Human health and wellbeing

As for any other technology, actual or perceived social impacts are also associated to wind farm implementation. Effects on human health and wellbeing are among them and are usually related to noise, shadow flickers, operational risk such as ice fall, ice throw; fire; and exposure to electromagnetic field.

People’s concerns are frequently derived from lack of correct information on wind energy, which is often quite difficult to access to. When perceived health impacts exceed real health hazards, supporting communities in getting familiar with the technology may help to foster a more pragmatic attitude. Demo sites or educational facilities within the community territory can provide the necessary response to these concerns. See best practice (link Multi-measure approach).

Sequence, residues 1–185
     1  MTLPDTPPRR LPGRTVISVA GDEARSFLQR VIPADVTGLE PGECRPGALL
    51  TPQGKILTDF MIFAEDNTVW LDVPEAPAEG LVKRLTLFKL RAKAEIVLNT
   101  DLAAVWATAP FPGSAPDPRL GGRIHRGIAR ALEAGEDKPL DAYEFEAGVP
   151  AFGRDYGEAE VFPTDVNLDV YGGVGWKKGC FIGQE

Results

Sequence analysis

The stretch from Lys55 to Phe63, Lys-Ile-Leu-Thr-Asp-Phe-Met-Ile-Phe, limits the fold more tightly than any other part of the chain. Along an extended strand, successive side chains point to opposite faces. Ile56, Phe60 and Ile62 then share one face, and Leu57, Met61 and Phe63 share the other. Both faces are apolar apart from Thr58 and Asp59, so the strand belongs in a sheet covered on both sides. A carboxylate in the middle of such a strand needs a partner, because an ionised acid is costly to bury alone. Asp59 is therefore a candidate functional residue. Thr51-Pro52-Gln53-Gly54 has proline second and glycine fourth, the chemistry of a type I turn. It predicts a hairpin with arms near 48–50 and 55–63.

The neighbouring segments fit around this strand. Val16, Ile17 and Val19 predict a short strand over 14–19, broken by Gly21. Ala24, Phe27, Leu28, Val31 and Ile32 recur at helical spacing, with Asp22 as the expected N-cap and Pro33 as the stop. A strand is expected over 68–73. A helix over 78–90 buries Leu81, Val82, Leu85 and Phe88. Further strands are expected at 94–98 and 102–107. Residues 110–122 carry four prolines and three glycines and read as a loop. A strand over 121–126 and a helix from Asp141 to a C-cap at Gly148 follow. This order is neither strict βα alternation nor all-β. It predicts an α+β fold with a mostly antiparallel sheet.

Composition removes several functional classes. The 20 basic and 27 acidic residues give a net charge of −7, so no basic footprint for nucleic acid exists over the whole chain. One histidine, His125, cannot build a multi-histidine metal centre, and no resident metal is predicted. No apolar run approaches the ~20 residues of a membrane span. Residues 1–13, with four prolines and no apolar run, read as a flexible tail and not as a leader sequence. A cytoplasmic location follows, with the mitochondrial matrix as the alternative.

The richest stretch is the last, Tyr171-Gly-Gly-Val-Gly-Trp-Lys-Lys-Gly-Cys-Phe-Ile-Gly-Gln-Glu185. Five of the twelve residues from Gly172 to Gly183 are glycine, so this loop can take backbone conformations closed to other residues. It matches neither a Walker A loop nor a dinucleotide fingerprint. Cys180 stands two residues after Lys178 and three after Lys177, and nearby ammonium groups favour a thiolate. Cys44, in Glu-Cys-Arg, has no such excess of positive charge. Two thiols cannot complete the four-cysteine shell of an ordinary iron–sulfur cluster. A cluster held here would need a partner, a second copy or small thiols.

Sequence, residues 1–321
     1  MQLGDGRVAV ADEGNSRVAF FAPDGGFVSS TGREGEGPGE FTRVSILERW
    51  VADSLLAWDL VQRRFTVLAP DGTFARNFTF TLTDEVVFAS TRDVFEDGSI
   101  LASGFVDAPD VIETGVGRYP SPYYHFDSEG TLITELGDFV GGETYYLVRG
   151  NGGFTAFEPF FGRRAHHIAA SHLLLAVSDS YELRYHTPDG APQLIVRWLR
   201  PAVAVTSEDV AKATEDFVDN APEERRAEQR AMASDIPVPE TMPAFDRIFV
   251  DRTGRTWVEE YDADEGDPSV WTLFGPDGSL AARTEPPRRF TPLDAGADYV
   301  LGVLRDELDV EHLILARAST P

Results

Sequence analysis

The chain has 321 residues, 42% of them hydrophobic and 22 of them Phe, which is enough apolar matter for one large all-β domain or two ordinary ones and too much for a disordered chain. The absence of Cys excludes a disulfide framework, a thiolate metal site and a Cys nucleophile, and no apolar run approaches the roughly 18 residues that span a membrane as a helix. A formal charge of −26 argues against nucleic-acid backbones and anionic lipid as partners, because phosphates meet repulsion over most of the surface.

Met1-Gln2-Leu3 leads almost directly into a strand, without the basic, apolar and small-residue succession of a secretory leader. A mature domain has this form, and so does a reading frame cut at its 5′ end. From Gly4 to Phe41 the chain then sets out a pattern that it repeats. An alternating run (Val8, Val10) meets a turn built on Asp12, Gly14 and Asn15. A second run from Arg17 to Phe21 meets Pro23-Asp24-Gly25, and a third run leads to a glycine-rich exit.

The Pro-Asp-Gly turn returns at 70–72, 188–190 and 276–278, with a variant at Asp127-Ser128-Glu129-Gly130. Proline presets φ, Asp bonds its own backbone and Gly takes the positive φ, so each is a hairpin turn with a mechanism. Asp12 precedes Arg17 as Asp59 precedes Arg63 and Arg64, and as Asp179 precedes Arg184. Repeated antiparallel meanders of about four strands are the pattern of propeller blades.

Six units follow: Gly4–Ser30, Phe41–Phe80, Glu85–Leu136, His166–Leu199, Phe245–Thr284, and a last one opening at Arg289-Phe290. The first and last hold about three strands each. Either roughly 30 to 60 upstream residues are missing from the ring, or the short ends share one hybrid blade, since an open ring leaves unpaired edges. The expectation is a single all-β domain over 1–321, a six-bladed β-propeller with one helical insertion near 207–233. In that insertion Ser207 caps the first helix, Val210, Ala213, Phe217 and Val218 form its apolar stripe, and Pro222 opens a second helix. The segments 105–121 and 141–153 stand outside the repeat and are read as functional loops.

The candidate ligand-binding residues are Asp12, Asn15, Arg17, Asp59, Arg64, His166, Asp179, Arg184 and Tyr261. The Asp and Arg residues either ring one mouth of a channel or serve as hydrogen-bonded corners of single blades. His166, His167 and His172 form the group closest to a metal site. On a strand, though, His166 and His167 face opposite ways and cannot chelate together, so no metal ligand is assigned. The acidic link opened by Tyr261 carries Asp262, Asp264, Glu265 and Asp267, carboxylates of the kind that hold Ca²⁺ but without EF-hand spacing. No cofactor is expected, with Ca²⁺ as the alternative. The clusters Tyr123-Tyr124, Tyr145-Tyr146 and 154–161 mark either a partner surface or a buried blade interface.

The WinWind project on the one hand recommends transparency (link to page) to policy makers and market actors as a basis for dealing with such issues and on the other one urges the public to crosscheck information and their sources.

Find out more

The WinWind project analysed the most widespread social acceptance barriers to wind plant deployment, including effects on health and human wellbeing. Here below further readings:

On social acceptance concept and related issues
Taxonomy of social acceptance drivers and barriers. pages 13, 20, 29;

Health and wellbeing related concerns of wind energy plant in literature
Link: Deliverable 2.1. pp 31 pag 11, pagg. 31-35

WinWind has received funding from European Union's Horizon 2020 Research and Innovation programme under Grant Agreement Nº 764717. The sole responsibility for any errors or omissions made lies with the consortium. The content does not necessarily reflect the opinion of the European Commission. The European Commission is also not responsible for any use that may be made of the information contained therein